(read in Moore’s collection Birds of America, also in her 2008 Collected Stories. You can hear Louise Erdrich read and discuss it on the New Yorker fiction podcast here)
If my first two stories were classic literary fiction, replete with the tropes and trappings of the genre, then this is different: short story as ritual incantation. It’s a dark little parcel of viciousness dressed up in the scantest narrative and characterisation. There is no weight to the set-up (sickly boy, living with his strict female older cousin, worships a pet polecat he keeps in the garden shed), no moral strength to the pay-off beyond its own pleasure in destruction. Another story I loved as a child was Kipling’s ‘Rikki-Tikki-Tavi’ (brave mongoose saves human child) and this is its evil – and better – twin, a fever dream of violence and revenge.
(read in an old hardback Saki given me by my grandmother. Available in any number of editions and anthologies, and online, including here)
I read this story in a book of Wideman’s stories I was sent to review for my student newspaper. I’d never heard of Wideman, and his name isn’t much mentioned today. Although I eventually lost my copy, or gave it away, a couple of its stories have stayed with me over the years, especially one I remembered as ‘Loon Lake’: a haunting thing set somewhere in rural North America – the heart of the heart of the country – with the calls of loons (divers) echoing around remote shacks at night. I reunited myself with the collection via the internet, and although there are other stories in it I now think are better (‘Across the Wide Missouri’ for instance), it’s ‘Loon Man’ that belongs in my anthology, for the way it lodged in my consciousness and coloured my thoughts for more than twenty years. “On full moon nights the loons howl like crazed dogs.”
(first published in the U.S. in All Stories are True; the same title was used for his Picador UK collected stories, which is where I read it)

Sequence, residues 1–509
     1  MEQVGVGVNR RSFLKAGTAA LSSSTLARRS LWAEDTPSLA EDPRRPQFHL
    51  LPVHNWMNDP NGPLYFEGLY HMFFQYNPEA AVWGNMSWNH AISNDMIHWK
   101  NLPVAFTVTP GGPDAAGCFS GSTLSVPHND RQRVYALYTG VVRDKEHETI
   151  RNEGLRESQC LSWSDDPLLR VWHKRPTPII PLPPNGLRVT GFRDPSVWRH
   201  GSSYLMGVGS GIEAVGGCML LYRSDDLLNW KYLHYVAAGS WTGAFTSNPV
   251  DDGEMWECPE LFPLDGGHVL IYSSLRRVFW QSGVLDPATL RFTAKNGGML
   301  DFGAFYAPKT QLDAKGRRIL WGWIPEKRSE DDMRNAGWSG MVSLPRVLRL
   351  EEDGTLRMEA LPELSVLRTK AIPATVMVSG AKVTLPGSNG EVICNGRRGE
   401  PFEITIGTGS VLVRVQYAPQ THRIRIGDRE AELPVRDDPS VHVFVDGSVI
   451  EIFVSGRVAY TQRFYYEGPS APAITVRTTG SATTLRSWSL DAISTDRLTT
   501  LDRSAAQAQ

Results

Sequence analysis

I read this story when I was studying with Amit Chaudhuri – who edited the anthology it comes from – at the University of East Anglia, and I found it moving then, as I find it moving now. It’s an enquiry into modernity and authenticity, and into the possibility of ever ‘going back’. The narrator is an Indian writer, thoroughly urbanized, who visits his childhood village and bumps into an old schoolfriend, Venkata. Always a clown as a youngster, Venkata has grown into a holy fool, a village idiot who acts as a herbalist, amateur nurse to the ungrateful sick, and butt for his exasperated wife and volatile son. His forte is the oil bath, an intense Ayurvedic massage, which the narrator submits to with embarrassment. “Is he a madcap or a hypocrite or a scraggly-bearded saint?” he wonders, as Venkata dances around him, anointing him and drumming out intricate rhythms on his head and body. As with Simpson’s story, the epiphany is minor key, and doubtless temporary, but it is enough to make the reader squint anew at their own assumptions. The title refers to the Kannada name for a grasshopper.
(read in The Vintage Book of Modern Indian Literature, where it is translated from the Kannada by Manu Sherry and A.K. Ramanujan.)
In which Davis (or her narrator, though it matters not a jot) presents a series of statements and questions about three cows that live in a field near her house. At times it seems like an exercise in Wittgensteinian philosophy, at times like a children’s book for adults, at times like the painful birth throes of nature writing. All three possibilities, devolve, of course to the simple, stringent testing of words against the world that is Davis’s stock-in-trade. Not a story by any of your usual parameters, but utterly beguiling.
(first printed as a chapbook, but I read it in Electric Literature Vol 2; also collected in Can’t and Won’t)